There had been fears that Mark Hurd, appointed chief executive last year after the ousting of Carly Fiorina, would cut back on the labs as part of taking HP back to basics. In fact, his review of the labs found that the research corresponded to his vision for HP. "We are supposed to be ahead of the road map," Mr Lampman says. "That is what he likes to see."
THE INVENTIONS OF HP LABS
1966: HP introduces its first computer, the 2116A.
1967: HP atomic clocks are used to set world time standards.
1968: HP Labs develops the first commercial LEDs.
1972: HP Labs produces the first pocket scientific calculator.
1980: A 64-channel ultrasound scanner is developed based on HP technology. HP also creates the first commercial office laser printer.
1984: HP launches its first thermal inkjet printer, based on research done since the 1970s.
1991: HP Labs develops acceSS7, a probe system that taps into the global telecoms network, cutting fraud and improving performance and billing.
1994: HP joins with Intel to develop the Itanium range of microprocessors, based on work started in 1981. Itanium launches in 2001.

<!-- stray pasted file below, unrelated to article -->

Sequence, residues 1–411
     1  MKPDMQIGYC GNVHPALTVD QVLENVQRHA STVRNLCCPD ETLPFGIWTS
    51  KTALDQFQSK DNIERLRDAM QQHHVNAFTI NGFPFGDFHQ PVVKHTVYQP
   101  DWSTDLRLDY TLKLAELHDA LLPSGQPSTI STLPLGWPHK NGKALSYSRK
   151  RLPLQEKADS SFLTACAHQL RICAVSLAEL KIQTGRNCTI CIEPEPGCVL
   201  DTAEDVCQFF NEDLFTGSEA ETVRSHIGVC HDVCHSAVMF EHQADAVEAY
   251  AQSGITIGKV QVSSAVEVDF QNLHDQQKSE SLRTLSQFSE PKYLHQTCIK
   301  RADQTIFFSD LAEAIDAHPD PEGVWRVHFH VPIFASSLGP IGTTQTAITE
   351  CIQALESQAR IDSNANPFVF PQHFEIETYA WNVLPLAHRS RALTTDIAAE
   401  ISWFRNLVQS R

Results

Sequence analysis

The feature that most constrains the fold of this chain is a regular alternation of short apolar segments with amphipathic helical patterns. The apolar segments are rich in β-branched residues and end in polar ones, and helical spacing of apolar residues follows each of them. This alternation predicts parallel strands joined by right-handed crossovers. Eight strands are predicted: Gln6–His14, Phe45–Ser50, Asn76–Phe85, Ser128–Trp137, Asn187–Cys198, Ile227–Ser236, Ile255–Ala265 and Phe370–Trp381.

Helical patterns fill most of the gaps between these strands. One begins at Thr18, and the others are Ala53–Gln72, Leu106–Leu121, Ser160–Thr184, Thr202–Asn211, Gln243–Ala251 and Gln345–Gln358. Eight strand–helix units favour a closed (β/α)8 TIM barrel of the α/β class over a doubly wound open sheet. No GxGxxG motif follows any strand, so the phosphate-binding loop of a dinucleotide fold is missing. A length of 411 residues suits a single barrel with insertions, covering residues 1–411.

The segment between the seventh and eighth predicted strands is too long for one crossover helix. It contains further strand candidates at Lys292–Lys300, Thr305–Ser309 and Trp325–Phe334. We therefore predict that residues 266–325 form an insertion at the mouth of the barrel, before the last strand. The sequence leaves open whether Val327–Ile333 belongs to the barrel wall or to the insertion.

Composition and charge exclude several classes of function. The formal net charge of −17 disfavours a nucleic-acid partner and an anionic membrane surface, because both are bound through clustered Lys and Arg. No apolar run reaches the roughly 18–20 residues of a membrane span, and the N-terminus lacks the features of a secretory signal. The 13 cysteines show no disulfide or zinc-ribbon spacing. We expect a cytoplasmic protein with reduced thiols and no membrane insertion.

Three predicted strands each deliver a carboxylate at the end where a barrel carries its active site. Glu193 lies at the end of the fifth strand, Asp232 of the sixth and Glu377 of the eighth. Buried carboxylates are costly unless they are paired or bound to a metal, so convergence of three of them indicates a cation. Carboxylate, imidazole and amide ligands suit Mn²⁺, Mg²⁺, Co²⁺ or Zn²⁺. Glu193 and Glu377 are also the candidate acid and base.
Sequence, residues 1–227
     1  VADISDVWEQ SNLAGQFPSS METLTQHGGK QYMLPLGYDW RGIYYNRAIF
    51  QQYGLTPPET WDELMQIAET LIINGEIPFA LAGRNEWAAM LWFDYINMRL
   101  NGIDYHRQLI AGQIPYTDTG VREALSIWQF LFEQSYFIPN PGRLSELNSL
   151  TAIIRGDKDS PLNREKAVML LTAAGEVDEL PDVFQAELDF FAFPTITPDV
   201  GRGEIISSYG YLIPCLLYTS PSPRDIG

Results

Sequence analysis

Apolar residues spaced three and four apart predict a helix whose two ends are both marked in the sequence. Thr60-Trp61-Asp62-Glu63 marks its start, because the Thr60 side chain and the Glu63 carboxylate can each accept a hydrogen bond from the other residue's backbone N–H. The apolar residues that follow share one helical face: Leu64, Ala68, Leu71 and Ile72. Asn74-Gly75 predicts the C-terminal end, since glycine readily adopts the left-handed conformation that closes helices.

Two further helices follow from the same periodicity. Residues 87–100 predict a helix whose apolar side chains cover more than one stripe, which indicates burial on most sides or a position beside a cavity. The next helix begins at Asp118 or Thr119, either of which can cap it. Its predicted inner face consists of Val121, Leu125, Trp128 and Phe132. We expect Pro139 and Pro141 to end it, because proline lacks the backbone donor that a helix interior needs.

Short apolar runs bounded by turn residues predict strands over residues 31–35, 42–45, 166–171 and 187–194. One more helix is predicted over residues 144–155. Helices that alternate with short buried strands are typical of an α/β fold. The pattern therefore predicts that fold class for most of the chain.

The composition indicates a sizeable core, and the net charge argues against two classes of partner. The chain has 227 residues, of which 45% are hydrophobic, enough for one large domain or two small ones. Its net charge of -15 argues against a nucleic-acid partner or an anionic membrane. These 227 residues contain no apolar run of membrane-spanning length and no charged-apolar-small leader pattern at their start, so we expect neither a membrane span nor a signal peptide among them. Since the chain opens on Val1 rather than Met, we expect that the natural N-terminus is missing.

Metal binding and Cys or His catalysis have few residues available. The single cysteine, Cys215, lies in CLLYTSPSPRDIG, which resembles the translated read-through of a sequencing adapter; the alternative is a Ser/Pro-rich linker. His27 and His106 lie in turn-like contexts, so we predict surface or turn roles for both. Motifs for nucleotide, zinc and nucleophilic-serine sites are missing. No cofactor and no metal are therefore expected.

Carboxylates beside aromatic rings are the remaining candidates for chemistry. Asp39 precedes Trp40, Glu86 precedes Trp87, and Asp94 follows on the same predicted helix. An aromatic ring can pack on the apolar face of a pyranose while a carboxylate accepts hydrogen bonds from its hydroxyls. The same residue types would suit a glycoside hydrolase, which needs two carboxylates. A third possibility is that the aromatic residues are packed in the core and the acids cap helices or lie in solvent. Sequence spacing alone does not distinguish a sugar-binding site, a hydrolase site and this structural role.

1999: HP and university scientists build a molecular logic gate, which is a step towards chemical assembly of nano-components.
2001: HP Labs Bristol develops active counter-measures to combat the Code Red virus.
2003: HP announces services based on grid computing.
2004: HP compression technology carries images of Mars to Earth from Nasa's Spirit Rover craft.
2005: HP Labs helps produce Shrek 2 and Madagascar. Researchers prove that an HP Labs invention, the crossbar latch, could replace the transistor in building computers.
And in the future...
Utility computing: HP will combine large numbers of industry-standard computers in huge data centres. These will be cheap to run and require little human intervention. They will pave the way for companies to buy computing resources the way they buy gas or electricity.
Visual radio: HP researchers in Bristol have developed a technology that combines digital radio broadcasts with the internet, for transmission to portable sets or, potentially, mobile phones. The radio's screen can carry news and traffic updates or links to services like music downloads.
Digital paper: Also in Bristol, researchers are working on printable plastic displays. As thin and portable as paper, they could change advertising hoardings and, ultimately, newspapers.Reuse content